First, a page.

hide Matching Documents

The documents where this entity occurs most often are shown below. Click on a document to open it.

Document Max. Freq Min. Freq
Southern Historical Society Papers, Volume 28. (ed. Reverend J. William Jones) 274 2 Browse Search
Southern Historical Society Papers, Volume 18. (ed. Reverend J. William Jones) 162 4 Browse Search
Rebellion Record: a Diary of American Events: Documents and Narratives, Volume 10. (ed. Frank Moore) 126 0 Browse Search
Rebellion Record: a Diary of American Events: Documents and Narratives, Volume 9. (ed. Frank Moore) 118 0 Browse Search
Southern Historical Society Papers, Volume 20. (ed. Reverend J. William Jones) 91 1 Browse Search
General James Longstreet, From Manassas to Appomattox 88 2 Browse Search
Alfred Roman, The military operations of General Beauregard in the war between the states, 1861 to 1865 85 1 Browse Search
Southern Historical Society Papers, Volume 33. (ed. Reverend J. William Jones) 61 1 Browse Search
Robert Underwood Johnson, Clarence Clough Buell, Battles and Leaders of the Civil War: Volume 2. 56 2 Browse Search
Robert Underwood Johnson, Clarence Clough Buell, Battles and Leaders of the Civil War. Volume 4. 49 3 Browse Search
View all matching documents...

Browsing named entities in Alfred Roman, The military operations of General Beauregard in the war between the states, 1861 to 1865. You can also browse the collection for William Mahone or search for William Mahone in all documents.

Your search returned 43 results in 4 document sections:

e of intrenchments. denial that General Lee consulted General Mahone concerning the location of the line. details of Gener interfere with the movements of the troops. Consults General Mahone with reference to the position of second Swamp and theent of his defence, he called to his assistance Major-General William Mahone, an officer in whom he reposed great confidence the town. General Lee did not at any time consult General Mahone with reference to the Taylor's Creek and Jerusalem plasive lines, when their sites were so plainly visible. General Mahone may have been a good and experienced civil engineer, bce in the field under trying circumstances. Where had General Mahone acquired skill by such practice General Lee consulte offensive. It was upon this point that he consulted General Mahone, who had been the civil engineer and builder of the No country over which our forces would have to operate. General Mahone was of General Lee's opinion, and the suggested plan w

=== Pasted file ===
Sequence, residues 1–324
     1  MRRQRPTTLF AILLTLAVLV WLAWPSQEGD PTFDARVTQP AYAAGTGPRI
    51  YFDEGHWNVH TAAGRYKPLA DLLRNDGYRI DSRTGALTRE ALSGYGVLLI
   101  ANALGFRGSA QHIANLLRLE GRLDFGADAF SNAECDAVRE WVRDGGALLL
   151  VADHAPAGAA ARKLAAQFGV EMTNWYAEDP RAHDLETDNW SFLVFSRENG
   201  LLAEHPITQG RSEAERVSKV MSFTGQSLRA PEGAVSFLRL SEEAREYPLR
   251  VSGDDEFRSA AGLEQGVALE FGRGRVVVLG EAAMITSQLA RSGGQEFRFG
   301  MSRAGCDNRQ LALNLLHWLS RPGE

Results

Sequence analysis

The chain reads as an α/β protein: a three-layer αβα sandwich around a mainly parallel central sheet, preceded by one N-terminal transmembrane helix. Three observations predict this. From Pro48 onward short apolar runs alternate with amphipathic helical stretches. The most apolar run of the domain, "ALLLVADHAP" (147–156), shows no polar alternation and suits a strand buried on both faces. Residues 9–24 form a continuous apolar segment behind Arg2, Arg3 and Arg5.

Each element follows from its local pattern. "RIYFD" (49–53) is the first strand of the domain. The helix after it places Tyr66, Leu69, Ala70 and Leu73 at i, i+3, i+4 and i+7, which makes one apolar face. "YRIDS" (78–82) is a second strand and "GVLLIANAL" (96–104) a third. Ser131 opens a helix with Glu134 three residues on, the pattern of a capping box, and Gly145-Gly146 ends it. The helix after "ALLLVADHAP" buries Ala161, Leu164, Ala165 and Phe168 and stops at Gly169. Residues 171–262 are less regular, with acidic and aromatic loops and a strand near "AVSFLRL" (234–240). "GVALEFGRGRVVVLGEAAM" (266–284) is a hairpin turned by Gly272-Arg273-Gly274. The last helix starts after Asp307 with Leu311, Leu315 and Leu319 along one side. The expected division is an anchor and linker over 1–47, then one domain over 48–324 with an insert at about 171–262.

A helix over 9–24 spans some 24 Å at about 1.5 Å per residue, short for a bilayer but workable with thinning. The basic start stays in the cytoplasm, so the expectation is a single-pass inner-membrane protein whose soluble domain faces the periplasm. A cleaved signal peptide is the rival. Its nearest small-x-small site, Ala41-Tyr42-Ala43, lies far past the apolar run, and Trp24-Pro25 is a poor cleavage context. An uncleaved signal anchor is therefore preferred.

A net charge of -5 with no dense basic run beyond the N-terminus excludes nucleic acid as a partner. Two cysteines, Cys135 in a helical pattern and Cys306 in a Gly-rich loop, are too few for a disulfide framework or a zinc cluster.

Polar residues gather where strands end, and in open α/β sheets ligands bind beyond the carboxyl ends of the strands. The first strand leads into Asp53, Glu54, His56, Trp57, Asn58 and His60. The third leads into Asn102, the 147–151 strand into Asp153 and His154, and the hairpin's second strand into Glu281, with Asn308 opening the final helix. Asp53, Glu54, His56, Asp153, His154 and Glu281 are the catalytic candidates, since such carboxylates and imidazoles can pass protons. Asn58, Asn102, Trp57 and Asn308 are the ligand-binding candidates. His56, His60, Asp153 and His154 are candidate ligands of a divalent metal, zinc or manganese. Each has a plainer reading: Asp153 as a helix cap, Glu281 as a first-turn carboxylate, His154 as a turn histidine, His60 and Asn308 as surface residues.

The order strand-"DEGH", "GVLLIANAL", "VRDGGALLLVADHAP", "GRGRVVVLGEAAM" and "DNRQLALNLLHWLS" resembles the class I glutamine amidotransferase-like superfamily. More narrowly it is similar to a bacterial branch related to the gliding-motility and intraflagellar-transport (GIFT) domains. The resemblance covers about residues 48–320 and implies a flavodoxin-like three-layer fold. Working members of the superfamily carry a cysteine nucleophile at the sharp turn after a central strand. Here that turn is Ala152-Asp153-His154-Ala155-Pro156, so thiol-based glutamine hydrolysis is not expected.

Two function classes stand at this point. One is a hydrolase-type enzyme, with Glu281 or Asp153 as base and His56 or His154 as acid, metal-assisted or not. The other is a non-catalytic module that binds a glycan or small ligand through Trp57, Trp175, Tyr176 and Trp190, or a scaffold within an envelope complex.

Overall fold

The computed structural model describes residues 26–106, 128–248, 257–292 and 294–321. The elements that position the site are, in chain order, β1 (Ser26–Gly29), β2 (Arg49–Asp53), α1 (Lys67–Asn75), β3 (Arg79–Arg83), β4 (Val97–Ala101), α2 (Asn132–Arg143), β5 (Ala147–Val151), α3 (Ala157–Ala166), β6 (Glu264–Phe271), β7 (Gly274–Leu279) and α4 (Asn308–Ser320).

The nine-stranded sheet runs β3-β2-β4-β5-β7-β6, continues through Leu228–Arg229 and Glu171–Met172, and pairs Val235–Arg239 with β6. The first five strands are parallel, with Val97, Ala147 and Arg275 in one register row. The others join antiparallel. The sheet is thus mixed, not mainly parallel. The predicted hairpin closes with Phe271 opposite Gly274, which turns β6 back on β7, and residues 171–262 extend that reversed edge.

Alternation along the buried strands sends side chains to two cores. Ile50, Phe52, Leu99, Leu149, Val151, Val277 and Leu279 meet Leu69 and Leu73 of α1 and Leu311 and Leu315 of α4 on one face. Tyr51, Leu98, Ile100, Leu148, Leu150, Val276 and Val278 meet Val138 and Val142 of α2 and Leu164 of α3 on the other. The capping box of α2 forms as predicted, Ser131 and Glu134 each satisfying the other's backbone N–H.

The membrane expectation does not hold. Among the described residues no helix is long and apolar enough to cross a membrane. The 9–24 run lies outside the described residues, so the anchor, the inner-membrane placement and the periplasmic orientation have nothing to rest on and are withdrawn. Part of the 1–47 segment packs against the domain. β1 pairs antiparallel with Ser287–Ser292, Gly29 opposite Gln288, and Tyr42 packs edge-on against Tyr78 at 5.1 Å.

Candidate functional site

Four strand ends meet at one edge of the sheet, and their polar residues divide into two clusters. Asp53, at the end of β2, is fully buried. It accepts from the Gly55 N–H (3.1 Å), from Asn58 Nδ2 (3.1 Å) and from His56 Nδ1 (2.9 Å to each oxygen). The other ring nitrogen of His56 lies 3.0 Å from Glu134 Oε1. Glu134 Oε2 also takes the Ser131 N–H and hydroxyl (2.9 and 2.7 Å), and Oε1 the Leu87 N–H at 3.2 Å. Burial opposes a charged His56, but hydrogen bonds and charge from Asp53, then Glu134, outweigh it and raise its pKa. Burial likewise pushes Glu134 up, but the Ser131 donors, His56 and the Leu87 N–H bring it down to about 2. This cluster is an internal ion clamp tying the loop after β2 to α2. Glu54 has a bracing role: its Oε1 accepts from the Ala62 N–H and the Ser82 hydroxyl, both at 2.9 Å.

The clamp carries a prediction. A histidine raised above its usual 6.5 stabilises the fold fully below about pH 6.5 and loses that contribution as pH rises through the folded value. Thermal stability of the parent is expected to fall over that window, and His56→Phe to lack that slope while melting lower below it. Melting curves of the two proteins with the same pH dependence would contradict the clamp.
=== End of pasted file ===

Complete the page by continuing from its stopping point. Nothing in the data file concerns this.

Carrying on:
raw. General Meade issues it. arrival of General Mahone with part of his division. Throws forwardade. its repulse. combined attack under Generals Mahone and Johnson. slight resistance on the pad fearing to retreat—when, at ten o'clock, General Mahone arrived with a part of his men, who lay doederals which seemed to menace an advance, General Mahone threw forward his brigade with the 61st Noarolina, all under Smith, which were formed on Mahone's left, likewise joined in the counter-movemenetached and pushed forward, separately, by General Mahone, to drive the Federals out of the crater, his fire, a combined movement of the forces of Mahone and Johnson was prepared, ordered by Generals Lee and Beauregard. Saunders's brigade of Mahone's division, with the 61st North Carolina, of Hoke's on the left and rear of the crater, under General Mahone; and the 23d and part of the 22d South Carsive of 22 men belonging to Pegram's battery. Mahone's division lost 250 men—killed, wounded, and m[1 more...]<
General A. P. Hill, who commanded the Confederate forces against Warren's expedition, mistook the exact position of the enemy's line on the left, and, through General Mahone, who labored under the same error, Hagood's brigade was ordered to press the rear and flank of the Federals. He was to be supported by five brigades of MahonMahone's division, supposed to be already in front. The brigade drove the skirmishers from their rifle-pits, but found itself in presence of a strongly intrenched line, crowded with men and artillery, extending right and left as far as could be seen. General Hagood's Memoirs. See Appendix. The five brigades of General Mahone were General Mahone were not there. General Hagood saw at once how perilous a strait he was in, and used his utmost endeavors to halt his command; but the men, intent on carrying the position before them, neither heard nor heeded his voice, Ibid. and had actually reached the parapets of the works before they understood what overwhelming disaster threa
e engaged for a time on Taylor's Creek. General Mahone's command arrived about 10 o'clock A. M., en given, by some one publishing his views, to Mahone's division. I think this has been rebutted byA short time after I first met General J., General Mahone came up with a few men. From my present reh he could collect and formed on line with General Mahone. I think the charge was made about 12 oand never could advance a step farther; and if Mahone had never come up the enemy's only chance wouljor-general rode up, announcing himself as General Mahone. Then, leading the column, this officer hartillery and infantry, was then going on. General Mahone added, When you have crossed the branch swm, and only in rifle-pits, thus confirming General Mahone's statement, Hagood, cautioning his men tove Confederate attacking brigades of which General Mahone had spoken nowhere visible. It also appe error until Hagood's attack developed it. General Mahone also said to Hagood that he shared the sam[11 more...]